Interview with Burke Marshall
QUESTION 24
INTERVIEWER:

HOW ARE YOU HOLDING UP? SOMETIMES YOU'RE ANSWERING THE NEXT TWO QUESTIONS AND SOMETIMES YOU'RE OPENING- HOW CLOSELY WAS THE ADMINISTRATION FOLLOWING JAMES MEREDITH'S ATTMEPT TO ENTER THE UNIVERSITY OF MISSISSIPPI AND HOW AND WHY AND WHEN DID THE GOVERNMENT DECIDE TO ENTER?

Burke Marshall:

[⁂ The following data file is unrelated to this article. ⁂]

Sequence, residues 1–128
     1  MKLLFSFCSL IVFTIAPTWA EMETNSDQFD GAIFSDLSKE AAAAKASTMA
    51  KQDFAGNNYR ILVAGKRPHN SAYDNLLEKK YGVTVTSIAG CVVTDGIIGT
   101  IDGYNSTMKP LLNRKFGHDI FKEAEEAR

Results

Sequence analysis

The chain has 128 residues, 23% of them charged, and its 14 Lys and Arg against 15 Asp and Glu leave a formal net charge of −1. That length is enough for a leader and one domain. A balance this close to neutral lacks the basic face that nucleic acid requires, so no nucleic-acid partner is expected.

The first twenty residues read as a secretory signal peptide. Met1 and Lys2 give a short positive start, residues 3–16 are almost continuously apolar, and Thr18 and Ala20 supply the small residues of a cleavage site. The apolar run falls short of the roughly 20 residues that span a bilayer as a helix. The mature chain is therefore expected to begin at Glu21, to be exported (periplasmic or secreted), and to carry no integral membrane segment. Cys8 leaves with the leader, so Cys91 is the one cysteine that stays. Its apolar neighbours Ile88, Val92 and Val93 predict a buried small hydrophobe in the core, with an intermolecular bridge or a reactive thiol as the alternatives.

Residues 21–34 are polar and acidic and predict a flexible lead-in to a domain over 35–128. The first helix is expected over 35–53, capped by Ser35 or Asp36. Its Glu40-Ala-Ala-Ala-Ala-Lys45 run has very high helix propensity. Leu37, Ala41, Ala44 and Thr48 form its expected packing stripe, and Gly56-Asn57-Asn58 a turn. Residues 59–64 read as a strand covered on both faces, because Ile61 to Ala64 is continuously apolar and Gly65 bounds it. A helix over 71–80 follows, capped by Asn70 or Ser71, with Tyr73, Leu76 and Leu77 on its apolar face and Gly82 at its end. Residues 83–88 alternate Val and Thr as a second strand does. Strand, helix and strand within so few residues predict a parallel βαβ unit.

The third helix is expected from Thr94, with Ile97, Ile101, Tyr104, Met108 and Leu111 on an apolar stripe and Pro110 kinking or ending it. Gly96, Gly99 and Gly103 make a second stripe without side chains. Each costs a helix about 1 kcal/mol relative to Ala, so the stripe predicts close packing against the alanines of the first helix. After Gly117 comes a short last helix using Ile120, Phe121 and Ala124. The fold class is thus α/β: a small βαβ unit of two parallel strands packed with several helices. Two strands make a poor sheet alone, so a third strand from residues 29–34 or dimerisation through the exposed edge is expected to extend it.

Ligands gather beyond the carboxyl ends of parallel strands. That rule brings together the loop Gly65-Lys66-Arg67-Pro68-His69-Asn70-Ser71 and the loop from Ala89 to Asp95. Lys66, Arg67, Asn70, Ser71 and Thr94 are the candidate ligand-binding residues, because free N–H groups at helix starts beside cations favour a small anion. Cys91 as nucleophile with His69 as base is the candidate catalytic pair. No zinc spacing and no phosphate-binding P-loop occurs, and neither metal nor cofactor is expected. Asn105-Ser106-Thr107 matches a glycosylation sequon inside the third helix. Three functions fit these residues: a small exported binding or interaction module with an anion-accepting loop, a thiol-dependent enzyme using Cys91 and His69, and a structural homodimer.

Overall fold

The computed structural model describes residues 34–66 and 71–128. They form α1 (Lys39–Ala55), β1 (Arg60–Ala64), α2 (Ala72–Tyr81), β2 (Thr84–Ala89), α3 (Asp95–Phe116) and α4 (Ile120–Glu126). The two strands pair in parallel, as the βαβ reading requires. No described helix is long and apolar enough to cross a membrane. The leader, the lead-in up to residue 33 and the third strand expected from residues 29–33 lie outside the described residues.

We, we, followed the Meredith from the day it was filed almost. It was filed the inauguration day, 1961 or maybe the day after, January 21, 1961, and when I got this job as head of the civil rights division, as soon as I found out where my office was, just about, I tried to get a sort of checklist of trouble. And in the course of that I talked to Thurgood Marshall and he told me about the Meredith case. He would have to speak to himself [?] about the case, he represented Meredith of course. I don't think it was on the NACP list of priorities to integrate the University of Mississippi, but James Meredith was his own man and he had his own mind and he was determined to do it and so the Legal Defense Fund represented him right from the beginning of the case. Now the case, the outcome of the case was inevitable. The University of Mississippi was a segregated institution, it was a white institution. They made all sorts of defenses. They claimed that they weren't turning Meredith down because he was black, but because of some other reason. They'd make up a different reason almost daily. And the board of the University really perjured themselves on the stand to try to create reasons for turning down Meredith on some ground that he wasn't black, but the, and the district judge—who was an old Mississippi appointment, who I think going way back, Eisenhower, maybe, maybe, maybe Truman, maybe even Roosevelt, I don't know, he'd been on the bench for a long time—bought that, because he was part of the Mississippi establishment, but as soon as it got to the Fifth Circuit, and came before Judge Wisdom, and whoever the other two judges were, the panel, then the outcome of the case was foreordained. Now there was a lot of sort of litigation problems that went on, which involved one of the judges of the fifth circuit, Judge Cameron from Mississippi, he kept staying the order of his own court. But it became clear to me that Meredith would be- have an order entitling him to enter the University of Mississippi in October of 1962 and so that we followed it right up, we entered the case when it became clear that the order would be final and that that would be date, and we entered it in order to make sure that the order of the court was complied with.